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The effect of accent exposure on children’s sociolinguistic evaluation of peers

Paquette-Smith, Melissa; Buckler, Helen; White, Katherine; Choi, Jiyoun; Johnson, Elizabeth K.


Melissa Paquette-Smith

Katherine White

Jiyoun Choi

Elizabeth K. Johnson


Language and accent strongly influence the formation of social groups. By five years of age, children already show strong social preferences for peers who speak their native language with a familiar accent (Kinzler, Shutts, DeJesus, & Spelke, 2009). However, little is known about the factors that modulate the strength and direction of children’s accent-based group preferences. In three experiments, we examine the development of accent-based friendship preferences in children growing up in Toronto, one of the world’s most linguistically and culturally diverse cities. We hypothesized that the speaker’s type of accent and the amount of accent exposure children experienced in their everyday lives would modulate their preferences in a friend selection task. Despite literature suggesting that exposure leads to greater acceptance (Allport, 1954), we find no evidence that routine exposure to different accents leads to greater acceptance of unfamiliarly accented speakers. Children still showed strong preferences for peers who spoke with the locally dominant accent, despite growing up in a linguistically diverse community. However, children’s preference for Canadian-accented in-group members was stronger when they were paired with non native (Korean-accented) speakers compared to when they were paired with regional (British-accented) speakers. We propose that children’s ability to perceptually distinguish between accents may have contributed to this difference. Children showed stronger preferences for in-group members when the difference between accents was easier to perceive. Overall, our findings suggest that although the strength of accent-based social preferences can be modulated by the type of accent, these preferences still persist in the face of significant diversity in children’s accent exposure.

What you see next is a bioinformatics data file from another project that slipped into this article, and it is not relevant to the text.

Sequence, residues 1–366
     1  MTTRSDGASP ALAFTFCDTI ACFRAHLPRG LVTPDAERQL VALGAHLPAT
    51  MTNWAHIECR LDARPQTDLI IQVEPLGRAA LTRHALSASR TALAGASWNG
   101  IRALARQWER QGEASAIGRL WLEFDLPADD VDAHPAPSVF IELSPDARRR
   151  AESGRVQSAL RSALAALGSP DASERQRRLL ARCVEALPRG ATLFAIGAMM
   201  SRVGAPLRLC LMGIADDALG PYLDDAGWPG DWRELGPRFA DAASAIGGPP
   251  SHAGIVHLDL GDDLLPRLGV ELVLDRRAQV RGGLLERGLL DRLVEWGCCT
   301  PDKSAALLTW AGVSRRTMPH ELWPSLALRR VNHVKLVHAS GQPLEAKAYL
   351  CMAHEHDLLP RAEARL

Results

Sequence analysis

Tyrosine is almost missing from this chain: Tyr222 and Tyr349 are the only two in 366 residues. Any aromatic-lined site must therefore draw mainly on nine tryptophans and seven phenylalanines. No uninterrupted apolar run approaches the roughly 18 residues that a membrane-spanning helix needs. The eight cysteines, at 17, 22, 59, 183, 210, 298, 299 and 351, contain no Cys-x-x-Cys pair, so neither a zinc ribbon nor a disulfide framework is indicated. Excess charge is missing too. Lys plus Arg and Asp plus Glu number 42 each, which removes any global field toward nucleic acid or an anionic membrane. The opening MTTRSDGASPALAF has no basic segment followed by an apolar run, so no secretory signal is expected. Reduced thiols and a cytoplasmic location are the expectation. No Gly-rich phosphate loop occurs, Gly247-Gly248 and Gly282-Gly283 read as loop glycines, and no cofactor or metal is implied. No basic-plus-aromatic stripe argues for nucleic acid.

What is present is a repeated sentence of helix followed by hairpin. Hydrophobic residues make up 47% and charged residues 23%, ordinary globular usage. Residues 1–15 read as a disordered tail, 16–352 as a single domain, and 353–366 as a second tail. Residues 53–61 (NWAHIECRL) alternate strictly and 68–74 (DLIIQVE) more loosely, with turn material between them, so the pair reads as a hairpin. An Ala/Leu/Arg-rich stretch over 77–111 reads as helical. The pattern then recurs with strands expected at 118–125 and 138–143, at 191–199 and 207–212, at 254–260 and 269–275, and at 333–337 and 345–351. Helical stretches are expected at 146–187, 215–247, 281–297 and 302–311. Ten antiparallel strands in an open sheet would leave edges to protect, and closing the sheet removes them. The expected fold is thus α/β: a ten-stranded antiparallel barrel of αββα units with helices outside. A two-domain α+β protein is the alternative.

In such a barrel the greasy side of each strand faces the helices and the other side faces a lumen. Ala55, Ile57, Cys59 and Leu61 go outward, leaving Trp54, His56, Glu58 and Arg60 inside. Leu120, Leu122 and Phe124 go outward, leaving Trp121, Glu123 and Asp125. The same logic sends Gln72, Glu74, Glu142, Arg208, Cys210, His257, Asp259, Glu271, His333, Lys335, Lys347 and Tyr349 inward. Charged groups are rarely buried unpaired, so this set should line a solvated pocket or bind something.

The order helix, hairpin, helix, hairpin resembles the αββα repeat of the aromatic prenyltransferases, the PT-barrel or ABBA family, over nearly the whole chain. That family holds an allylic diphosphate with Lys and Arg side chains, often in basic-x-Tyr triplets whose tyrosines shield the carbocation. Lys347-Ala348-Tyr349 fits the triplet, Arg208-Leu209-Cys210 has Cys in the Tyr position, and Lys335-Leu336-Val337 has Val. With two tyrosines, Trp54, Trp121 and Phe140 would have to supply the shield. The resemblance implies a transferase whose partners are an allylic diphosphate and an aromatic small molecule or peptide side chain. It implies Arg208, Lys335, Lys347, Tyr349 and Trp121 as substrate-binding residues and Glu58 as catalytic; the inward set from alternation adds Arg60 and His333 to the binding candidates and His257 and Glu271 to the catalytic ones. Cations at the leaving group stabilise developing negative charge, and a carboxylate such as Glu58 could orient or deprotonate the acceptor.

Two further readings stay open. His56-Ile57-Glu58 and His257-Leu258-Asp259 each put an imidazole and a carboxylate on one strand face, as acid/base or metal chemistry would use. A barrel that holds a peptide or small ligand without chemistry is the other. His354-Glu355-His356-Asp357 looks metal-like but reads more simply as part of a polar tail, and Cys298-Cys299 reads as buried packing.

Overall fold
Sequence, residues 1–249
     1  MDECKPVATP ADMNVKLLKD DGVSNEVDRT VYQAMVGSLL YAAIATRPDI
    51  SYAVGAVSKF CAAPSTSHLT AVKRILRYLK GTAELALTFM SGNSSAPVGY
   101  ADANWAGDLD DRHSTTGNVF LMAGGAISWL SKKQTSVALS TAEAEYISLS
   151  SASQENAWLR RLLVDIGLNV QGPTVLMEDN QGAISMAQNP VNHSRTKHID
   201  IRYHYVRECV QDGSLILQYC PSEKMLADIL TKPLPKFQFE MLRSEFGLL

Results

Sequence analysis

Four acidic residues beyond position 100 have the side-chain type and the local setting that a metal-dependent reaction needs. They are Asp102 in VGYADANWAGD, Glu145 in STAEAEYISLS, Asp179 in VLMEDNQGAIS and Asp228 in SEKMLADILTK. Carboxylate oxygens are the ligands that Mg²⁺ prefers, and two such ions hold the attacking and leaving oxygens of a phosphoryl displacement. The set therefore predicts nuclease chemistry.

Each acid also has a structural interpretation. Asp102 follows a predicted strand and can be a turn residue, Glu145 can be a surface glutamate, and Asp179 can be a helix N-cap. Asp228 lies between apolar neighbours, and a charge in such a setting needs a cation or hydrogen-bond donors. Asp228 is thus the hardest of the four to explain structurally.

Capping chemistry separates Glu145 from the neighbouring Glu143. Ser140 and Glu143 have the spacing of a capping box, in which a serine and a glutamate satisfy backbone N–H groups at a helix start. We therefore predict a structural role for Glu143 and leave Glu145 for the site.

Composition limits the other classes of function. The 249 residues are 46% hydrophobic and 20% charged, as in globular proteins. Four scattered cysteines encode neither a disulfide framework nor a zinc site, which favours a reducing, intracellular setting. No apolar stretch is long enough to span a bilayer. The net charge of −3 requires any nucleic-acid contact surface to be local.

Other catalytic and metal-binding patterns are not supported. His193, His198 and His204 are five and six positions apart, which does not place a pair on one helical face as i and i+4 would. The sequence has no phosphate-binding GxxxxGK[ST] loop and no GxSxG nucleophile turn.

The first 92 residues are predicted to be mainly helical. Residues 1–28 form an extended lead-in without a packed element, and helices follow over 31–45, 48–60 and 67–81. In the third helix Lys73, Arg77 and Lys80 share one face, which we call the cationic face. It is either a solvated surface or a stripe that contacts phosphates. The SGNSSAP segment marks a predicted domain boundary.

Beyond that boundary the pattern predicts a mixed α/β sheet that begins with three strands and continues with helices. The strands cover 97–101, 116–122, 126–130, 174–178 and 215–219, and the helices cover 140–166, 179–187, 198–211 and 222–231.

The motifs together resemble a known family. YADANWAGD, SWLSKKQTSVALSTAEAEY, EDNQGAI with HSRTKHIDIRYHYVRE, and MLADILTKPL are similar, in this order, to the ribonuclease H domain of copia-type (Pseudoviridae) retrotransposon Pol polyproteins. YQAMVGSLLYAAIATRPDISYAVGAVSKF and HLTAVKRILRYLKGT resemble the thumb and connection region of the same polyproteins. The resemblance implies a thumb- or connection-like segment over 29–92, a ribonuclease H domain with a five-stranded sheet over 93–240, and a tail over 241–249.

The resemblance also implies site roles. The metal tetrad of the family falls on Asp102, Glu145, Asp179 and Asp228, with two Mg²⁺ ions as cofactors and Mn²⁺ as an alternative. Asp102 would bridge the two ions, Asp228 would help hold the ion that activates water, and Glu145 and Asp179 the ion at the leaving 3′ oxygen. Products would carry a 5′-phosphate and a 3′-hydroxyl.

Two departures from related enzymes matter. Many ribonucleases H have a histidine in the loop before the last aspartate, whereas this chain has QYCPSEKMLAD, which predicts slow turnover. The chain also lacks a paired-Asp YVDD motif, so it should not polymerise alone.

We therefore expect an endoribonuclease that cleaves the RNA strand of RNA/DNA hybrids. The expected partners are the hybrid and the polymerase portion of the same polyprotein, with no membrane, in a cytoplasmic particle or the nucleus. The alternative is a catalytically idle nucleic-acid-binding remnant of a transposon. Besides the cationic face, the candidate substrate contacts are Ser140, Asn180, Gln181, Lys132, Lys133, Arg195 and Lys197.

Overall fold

Paquette-Smith, M., Buckler, H., White, K., Choi, J., & Johnson, E. K. (2019). The effect of accent exposure on children’s sociolinguistic evaluation of peers. Developmental Psychology, 55(4), 809-822.

Journal Article Type Article
Acceptance Date Oct 10, 2018
Online Publication Date Jan 24, 2019
Publication Date Jan 24, 2019
Deposit Date Nov 22, 2018
Publicly Available Date Nov 23, 2018
Journal Developmental Psychology
Print ISSN 0012-1649
Publisher American Psychological Association
Peer Reviewed Peer Reviewed
Volume 55
Issue 4
Pages 809-822
Keywords Life-span and Life-course Studies; Developmental and Educational Psychology; Demography
Public URL
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Additional Information As an APA author, you may post the final accepted, pre-formatted version of your manuscript on your personal website, university repository, and author networking sites without an embargo period. To help preserve the integrity of the scientific record, please add the following note to the manuscript you post:

© 2018, American Psychological Association. This paper is not the copy of record and may not exactly replicate the final, authoritative version of the article. Please do not copy or cite without authors' permission. The final article will be available, upon publication, via its DOI: 10.1037/dev0000659


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